Non-ERCOT Ratemaking


Investor-owned electric utilities located outside the ERCOT grid serve over 1 million customers in Texas, including several key national industries. Known as the “Non-ERCOTs,” these companies offer a vital service as basic as roads and water, but rely exclusively on private investment dollars. These traditionally regulated utilities still have the responsibility to ensure the lights come on when customers flip the switch.

Non-ERCOT map

The Problem: The Current Ratemaking Process Stifles Investment in Critical Infrastructure

Despite Texas’ business-friendly environment, non-ERCOT utilities operate under an outdated regulatory model that produces “regulatory lag,” an extended time period between the date that infrastructure is placed in service and the date investors may start recovering their investment.

Regulatory lag hinders the flow of capital into these key strategic areas and undermines the non-ERCOT utilities’ ability to build needed infrastructure. Debt rating agencies have cited regulatory lag when assigning lower debt ratings to the four non-ERCOT utilities. Lower debt ratings threaten the utilities’ financial integrity and increase the cost of capital, which ultimately makes power more expensive for customers.

The Solution: Modernized Ratemaking Will Benefit Customers While Supporting Critical Infrastructure Investment

SB 841/HB 1535 will better synchronize the timing of investment and cost recovery. The bill will not reduce PUC oversight or result in greater cost recovery, nor will it increase the long-term rates customers pay. Instead, SB 841/HB 1535 will allow non-ERCOT utilities to make timely investments to meet demand, which supports economic development in non-ERCOT regions by providing the transmission, distribution and generation needed for growth.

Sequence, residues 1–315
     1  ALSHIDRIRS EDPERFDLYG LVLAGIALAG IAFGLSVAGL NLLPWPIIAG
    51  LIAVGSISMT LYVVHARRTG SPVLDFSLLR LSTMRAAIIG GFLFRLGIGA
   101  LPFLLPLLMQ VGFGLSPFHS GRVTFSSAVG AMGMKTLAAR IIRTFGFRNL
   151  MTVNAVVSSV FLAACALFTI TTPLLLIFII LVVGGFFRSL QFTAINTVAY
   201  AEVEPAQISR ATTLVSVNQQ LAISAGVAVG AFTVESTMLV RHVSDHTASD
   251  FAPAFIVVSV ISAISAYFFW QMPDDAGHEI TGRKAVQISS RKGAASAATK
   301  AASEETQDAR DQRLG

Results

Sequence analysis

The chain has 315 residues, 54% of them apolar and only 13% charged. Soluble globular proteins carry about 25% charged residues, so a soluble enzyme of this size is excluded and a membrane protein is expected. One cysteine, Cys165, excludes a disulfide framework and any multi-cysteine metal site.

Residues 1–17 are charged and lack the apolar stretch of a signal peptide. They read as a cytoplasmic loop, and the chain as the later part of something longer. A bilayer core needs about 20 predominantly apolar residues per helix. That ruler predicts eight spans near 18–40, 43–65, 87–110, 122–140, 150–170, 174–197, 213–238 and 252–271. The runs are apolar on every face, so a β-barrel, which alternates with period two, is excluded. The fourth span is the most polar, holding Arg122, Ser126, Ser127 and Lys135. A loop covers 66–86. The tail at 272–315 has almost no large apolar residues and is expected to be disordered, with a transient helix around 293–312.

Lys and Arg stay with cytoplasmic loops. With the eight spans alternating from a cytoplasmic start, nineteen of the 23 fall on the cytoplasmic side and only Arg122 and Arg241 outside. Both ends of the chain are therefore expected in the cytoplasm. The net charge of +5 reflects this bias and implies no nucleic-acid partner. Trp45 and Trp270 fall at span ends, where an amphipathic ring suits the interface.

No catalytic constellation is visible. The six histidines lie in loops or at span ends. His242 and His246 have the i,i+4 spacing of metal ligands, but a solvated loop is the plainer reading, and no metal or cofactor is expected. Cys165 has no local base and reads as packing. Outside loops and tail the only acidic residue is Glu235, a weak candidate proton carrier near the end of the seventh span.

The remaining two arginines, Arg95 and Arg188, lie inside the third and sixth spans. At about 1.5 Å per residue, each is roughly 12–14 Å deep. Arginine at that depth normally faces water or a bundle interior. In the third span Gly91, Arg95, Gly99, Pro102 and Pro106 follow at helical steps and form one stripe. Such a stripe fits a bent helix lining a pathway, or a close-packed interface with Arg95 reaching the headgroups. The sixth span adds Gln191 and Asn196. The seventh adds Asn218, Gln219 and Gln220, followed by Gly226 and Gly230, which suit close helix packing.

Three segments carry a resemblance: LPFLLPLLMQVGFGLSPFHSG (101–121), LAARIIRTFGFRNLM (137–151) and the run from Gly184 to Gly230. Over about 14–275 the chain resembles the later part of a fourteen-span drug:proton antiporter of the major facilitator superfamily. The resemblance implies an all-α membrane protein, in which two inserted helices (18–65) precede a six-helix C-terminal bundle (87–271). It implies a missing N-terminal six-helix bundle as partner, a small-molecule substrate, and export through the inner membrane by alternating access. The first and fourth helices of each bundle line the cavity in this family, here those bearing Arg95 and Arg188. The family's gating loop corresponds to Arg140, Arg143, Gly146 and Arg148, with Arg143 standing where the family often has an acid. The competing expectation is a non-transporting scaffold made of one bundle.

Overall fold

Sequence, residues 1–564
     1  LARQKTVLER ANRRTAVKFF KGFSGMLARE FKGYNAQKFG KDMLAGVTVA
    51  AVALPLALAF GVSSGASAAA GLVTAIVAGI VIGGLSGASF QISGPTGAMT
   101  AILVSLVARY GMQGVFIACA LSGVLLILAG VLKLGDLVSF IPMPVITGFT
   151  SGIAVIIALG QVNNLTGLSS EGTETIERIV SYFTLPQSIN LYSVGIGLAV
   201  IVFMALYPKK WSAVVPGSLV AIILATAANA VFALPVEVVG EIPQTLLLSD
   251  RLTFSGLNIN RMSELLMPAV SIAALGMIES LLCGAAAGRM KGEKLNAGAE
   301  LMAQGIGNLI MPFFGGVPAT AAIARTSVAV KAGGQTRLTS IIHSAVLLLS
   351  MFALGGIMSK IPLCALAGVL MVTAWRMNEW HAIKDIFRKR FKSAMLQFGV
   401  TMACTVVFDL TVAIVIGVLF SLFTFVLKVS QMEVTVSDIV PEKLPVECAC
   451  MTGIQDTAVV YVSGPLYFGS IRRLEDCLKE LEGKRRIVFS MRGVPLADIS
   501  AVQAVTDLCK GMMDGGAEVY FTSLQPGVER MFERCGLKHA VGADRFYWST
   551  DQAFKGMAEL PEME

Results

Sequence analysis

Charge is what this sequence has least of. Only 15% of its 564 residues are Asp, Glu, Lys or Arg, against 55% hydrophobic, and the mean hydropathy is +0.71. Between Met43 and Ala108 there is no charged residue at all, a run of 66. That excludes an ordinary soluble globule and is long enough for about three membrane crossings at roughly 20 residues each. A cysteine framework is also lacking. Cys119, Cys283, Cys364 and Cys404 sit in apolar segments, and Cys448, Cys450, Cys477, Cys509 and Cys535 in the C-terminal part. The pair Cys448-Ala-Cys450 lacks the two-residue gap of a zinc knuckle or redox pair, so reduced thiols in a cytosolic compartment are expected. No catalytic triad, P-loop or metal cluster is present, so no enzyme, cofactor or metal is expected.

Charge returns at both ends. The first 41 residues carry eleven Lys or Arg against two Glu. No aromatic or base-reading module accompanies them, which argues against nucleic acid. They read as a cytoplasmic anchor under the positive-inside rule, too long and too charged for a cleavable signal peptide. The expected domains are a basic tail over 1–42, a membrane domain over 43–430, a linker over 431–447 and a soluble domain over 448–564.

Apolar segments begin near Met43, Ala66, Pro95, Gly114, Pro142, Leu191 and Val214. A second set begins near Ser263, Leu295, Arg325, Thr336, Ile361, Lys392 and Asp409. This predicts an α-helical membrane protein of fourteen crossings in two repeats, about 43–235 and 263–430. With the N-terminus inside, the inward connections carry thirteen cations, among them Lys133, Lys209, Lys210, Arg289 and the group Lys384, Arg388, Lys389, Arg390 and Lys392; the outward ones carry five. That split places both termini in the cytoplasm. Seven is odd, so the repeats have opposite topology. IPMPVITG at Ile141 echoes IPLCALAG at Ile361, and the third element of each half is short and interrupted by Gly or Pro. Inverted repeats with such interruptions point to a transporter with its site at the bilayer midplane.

SB 841/HB 1535 will benefit customers in non-ERCOT regions of Texas in several ways. The bill:

  • Ensures a safe, reliable electric grid, which is the backbone of economic development
  • Allows utilities to build infrastructure at the lowest possible capital cost, with better financing terms and fewer expensive rate cases — which means customers will save in the long run compared to the inefficient ratemaking system of today
  • Helps utilities compete for capital with utilities in neighboring states, which have more efficient ratemaking processes
  • Allows for faster development of needed electric infrastructure to help cities in non-ERCOT regions meet growing demand

Downloadable Materials on HB 1535